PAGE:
How to Repair & Replace the Laser on an XBox 360

The Xbox 360, Microsoft's second-generation gaming console, is one of the best-selling products of its type. With millions of users worldwide and a relatively low number of returns for defects, the Xbox 360 is one of Microsoft's most durable hardware products. But one potential weakness is the unit's laser lens, which reads and decodes games discs. Over time the lens may become dirty or misaligned. Sometimes you can fix laser problems by realigning the lens. Other lens problems require you to replace the faulty laser.

Power off the Xbox 360 console unit. Disconnect the power cord and controller cables. Set the console on a clean work surface.

Grip both sides of the Xbox 360 faceplate. Gently pry the faceplate off the console.

Insert a long wood dowel into one of the small white holes on the face of the Xbox 360 console. Use the dowel to push in on the cover-plate locking tabs. After pushing in on the locking tabs to release them, remove the side plate. Remove the left cover-plate using the same method.

Press down on the tabs of the inner side plates with the flathead screwdriver to release them. After unlocking the tabs, remove the inner side plates from the console case.

Use the Torx screwdriver to remove all of the screws on the back and sides of the Xbox 360 case. Remove the inner front cover of the Xbox 360 by pulling it straight out from the case.

Remove the captive screws on either side of the Xbox DVD drive with the jeweller's screwdriver. Disconnect the DVD power and ribbon cables. Slide the DVD drive out of the case.

Turn the Xbox 360 DVD drive over so that it is upside down. Remove the small circular shaped sticker on the surface of the DVD drive to reveal a small retaining screw. Use the jeweller's screwdriver to remove the screw. Use the Torx screwdriver to remove the remaining screws on the sides of the DVD drive.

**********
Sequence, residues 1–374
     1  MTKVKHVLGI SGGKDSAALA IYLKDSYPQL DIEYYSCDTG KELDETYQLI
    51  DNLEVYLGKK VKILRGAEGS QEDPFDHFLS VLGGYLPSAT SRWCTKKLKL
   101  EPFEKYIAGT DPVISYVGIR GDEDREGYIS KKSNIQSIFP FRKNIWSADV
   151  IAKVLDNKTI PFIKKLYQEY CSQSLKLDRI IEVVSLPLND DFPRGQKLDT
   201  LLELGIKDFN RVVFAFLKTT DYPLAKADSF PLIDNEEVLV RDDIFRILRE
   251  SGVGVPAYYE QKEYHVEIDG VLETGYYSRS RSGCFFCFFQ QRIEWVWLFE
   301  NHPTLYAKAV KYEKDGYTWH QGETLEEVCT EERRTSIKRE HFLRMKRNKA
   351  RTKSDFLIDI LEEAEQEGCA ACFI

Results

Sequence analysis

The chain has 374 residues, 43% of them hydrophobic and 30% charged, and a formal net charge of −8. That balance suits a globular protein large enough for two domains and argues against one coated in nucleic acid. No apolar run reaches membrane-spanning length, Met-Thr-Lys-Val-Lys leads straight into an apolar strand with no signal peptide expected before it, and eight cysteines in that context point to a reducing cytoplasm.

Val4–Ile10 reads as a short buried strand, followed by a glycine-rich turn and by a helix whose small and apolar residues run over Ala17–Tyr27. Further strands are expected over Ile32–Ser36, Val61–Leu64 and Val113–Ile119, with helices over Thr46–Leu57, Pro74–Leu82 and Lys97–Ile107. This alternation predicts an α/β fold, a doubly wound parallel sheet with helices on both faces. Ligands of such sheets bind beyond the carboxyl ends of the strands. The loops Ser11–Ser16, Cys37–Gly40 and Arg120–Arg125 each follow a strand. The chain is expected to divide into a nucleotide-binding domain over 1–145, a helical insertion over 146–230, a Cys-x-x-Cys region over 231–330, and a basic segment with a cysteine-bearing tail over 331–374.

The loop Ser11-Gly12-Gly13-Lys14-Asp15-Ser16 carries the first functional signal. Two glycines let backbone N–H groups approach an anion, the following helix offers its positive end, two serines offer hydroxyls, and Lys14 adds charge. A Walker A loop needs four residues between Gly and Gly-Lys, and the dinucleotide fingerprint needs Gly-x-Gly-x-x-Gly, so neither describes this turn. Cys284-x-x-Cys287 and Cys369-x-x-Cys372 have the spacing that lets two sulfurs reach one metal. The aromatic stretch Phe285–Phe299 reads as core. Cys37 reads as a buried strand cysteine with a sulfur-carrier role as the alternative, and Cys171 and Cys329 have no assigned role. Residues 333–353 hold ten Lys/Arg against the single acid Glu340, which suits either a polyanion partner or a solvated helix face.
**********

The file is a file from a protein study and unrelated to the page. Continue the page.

Turn the DVD drive back over so that it is right side up. Pull up on the casing cover to remove it. Disconnect the ribbon connector from the circuit board. Slide the circuit board out of its slot and remove it from the DVD enclosure.

Change the selector switch on the multimeter to read resistance. Adjust the initial resistance value to "200 milliamps."

Locate the potentiometer on the Xbox 360 DVD drive. The potentiometer is a pair of contacts labelled "POT." Make contact with the two contacts on the potentiometer with the probes from the multimeter. Take note of the resistance reading on the multimeter display.

Use the jeweller's screwdriver to rotate the left screw contact of the potentiometer clockwise a quarter turn. Again, review the resistance reading on the multimeter. Continue to adjust the left side contact of the potentiometer counterclockwise until the multimeter displays a resistance reading of 1100 milliamps. If you adjust the resistance reading of the potentiometer to higher than 1100 milliamps, turn the contact counterclockwise to lower it.

Remove the four screws that secure the laser rail assembly to the DVD drive enclosure. Disconnect the ribbon cable from the laser lens assembly. Remove the rail to the right of the laser assembly from the DVD drive.

Lift up slightly on the right side of the laser assembly. Slide the assembly to the rear to remove it from the left side rail.

Slide the new laser lens assembly onto the left side rail. Slide the assembly up to the top of the rail. Align the right side rail with the screw holes. Replace and secure the four screws for the rails. Connect the ribbon cable to the new laser assembly.

Use the multimeter to calibrate the potentiometer to 1100 milliamps.

Always use an anti-static wrist strap when working inside your Xbox 360. Components inside the console are sensitive to damage that can occur because of electrostatic discharge.

Use canned air to blow out the laser lens after realigning or replacing it.

Reassemble the Xbox 360 by reversing the steps used to take it apart.

Things You'll Need

  • Long stick or wood dowel
  • Flathead screwdriver
  • Torx screwdriver
  • Jeweller's screwdriver set
  • Mutimeter
  • Replacement laser lens
  • Canned air
  • Anti-static wrist strap
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About the Author

Jeff Grundy has been writing computer-related articles and tutorials since 1995. Since that time, Grundy has written many guides to using various applications that are published on numerous how-to and tutorial sites. Born and raised in South Georgia, Grundy holds a Master of Science degree in mathematics from the Georgia Institute of Technology.